The DeathStalker Chroma Gaming Keyboard

At first sight, the DeathStalker Chroma looks like a typical keyboard with chiclet keys. It is a flat keyboard, entirely made of plastic, with a fairly sized wrist rest permanently attached to it. The design is minimalistic and elegant, with straight lines and chamfered edges. A honeycomb pattern is visually formed on the wrist rest, beneath a clear, smooth surface layer, with the company logo printed at the middle. The clear layer of the wrist rest is partially reflective, while the rest of the keyboard is matte.

The chiclet keys are the primary attraction of the DeathStalker Chroma. Low-profile chiclet keys are very popular, especially ever since Apple adopted them in 2006, and are the primary alternative of users that do not enjoy the height or the long travel of mechanical keys. They are just 2 mm tall, with large semi-transparent characters printed on them. It supports 10-key rollover, which does not sound as grand as the n-key rollover of more advanced offerings, though in 99.99% of cases no-one needs to be able to press more than 10 keys at once, or have a feline sit on the keyboard in the name of progress.

There are no macro keys or other extra keys on the DeathStalker Chroma. The right Windows key has been replaced with a Fn key that, combined with the top row function keys, provides additional functions. For example, the Fn+F1 key combination mutes the sound, while the Fn+F11/F12 keys control the backlighting brightness, similar to a laptop keyboard.


Razer did an excellent job applying the RGB lighting. There is almost no gap between the keys and the chassis, so the lighting is only focused on the keycap character, without light "spilling" from the sides of the keys. The colors are rich and, even though it is limited to the characters, the backlighting is rather powerful. What should be clearly noted however is that the RGB lighting is not programmable per-key. There are three zones, the main zone, the arrows/functions zone and the numpad zone. Each of the zones can be programmed to any RGB color or to perform a visual effect, but it is not possible to change the color of each key individually.

Besides the keys and their backlighting, a few things are of interest on the DeathStalker Chroma. The minimalistic design goes beyond just the appearance of the keyboard. There is no pass-through USB port, no additional media keys, not even a braided or otherwise noteworthy cable. It is a rather simple keyboard that is basing its functionality on its software.

Introduction, Packaging & Bundle Quality Testing & The Software


View All Comments

  • inighthawki - Monday, December 7, 2015 - link

    You're right - as a gamer, one could not possibly have any need for a number pad... Reply
  • BurntMyBacon - Monday, December 7, 2015 - link

    @Notmyusualid: "And what gamer needs the number pad I ask you all?"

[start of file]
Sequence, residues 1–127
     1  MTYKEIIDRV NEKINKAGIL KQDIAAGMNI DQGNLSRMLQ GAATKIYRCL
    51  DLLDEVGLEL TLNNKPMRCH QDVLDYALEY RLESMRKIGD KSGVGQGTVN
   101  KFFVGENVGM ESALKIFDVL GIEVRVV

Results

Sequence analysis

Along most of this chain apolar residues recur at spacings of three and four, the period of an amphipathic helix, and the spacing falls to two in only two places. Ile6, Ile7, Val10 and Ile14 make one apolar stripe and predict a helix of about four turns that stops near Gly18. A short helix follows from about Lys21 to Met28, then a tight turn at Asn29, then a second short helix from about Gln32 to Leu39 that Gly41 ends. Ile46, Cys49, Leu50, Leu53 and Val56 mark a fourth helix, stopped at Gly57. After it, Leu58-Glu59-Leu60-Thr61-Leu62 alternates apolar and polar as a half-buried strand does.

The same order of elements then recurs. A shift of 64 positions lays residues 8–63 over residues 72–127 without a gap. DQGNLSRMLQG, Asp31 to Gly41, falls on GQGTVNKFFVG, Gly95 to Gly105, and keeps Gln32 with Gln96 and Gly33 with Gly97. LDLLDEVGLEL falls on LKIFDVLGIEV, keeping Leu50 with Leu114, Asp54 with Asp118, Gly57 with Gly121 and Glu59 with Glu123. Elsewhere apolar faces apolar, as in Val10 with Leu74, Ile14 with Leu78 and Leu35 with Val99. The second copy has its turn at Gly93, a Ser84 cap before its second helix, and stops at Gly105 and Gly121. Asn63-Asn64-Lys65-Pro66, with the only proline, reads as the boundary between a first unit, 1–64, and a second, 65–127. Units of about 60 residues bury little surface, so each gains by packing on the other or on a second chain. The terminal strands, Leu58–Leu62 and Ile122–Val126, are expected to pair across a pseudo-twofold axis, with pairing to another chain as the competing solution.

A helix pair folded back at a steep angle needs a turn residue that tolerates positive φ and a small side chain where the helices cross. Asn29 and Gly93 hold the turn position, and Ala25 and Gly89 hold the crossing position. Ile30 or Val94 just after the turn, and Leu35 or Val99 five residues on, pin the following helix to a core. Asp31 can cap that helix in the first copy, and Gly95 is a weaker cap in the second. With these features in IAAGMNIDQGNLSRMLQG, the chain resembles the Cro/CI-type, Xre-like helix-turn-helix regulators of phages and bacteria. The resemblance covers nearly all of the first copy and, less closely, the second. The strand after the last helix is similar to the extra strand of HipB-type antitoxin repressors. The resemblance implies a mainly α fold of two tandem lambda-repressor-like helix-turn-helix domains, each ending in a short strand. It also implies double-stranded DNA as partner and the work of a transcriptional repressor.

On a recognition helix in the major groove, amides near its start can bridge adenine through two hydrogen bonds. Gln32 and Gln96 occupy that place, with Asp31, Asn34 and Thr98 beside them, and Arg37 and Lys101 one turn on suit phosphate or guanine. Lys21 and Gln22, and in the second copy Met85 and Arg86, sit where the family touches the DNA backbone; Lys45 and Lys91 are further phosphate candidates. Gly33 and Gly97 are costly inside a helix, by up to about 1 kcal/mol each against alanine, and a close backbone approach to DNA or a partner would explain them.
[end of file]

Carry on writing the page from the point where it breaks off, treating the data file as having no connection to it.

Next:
Yeah, because no "Gaming PC" ever does anything that isn't playing a game. Oh Wait.
  • TheRealAnalogkid - Monday, December 7, 2015 - link

    Every six months I switch from gaming with my left hand to right. It keeps my brain fresh and distributes the strain. Being a drummer, it helps my independence as well.
    So, yes, NumPad.
  • Refuge - Monday, December 7, 2015 - link

    TheRealanalogkid - I support your dedication to improving yourself! Righto!

    I thought I was special making sure I brushed my teeth with my off hand to help preserve the ambidextrous skills I developed after chopping off two fingers on my right hand! :)
  • Friendly0Fire - Monday, December 7, 2015 - link

    I use it constantly as a quick access inventory for some games, as a directional control for others, etc.

    Since when is having less flexibility a good thing?
  • Murloc - Tuesday, December 8, 2015 - link

    not to mention flight simulators Reply
  • willis936 - Monday, December 7, 2015 - link

    Uhh how about rhythm games with multiplayer, 6 dof, cs buy binds, or pretty much any game that could use hotkeys? Reply
  • ronnybrendel - Monday, December 7, 2015 - link

    ridiculous, actually Reply
  • just4U - Monday, December 7, 2015 - link

    "And what gamer needs the number pad I ask you all?"

    As a lefty I use the arrow keys to move about and access the number pad with my pinky for certain games.
  • Stuka87 - Monday, December 7, 2015 - link

    Whats the big deal with registering?

    I find it VERY nice. I can move to any other computer with razer stuff, login, and all my settings show up. Which is nice since I move my keyboard and mouse around at times. You sound like another band wagon hater that likes to go "me too".

    As for the NUM pad, I use mine ALL THE TIME.

    But they do make tourney versions of their keyboards that do not have NUM pads.

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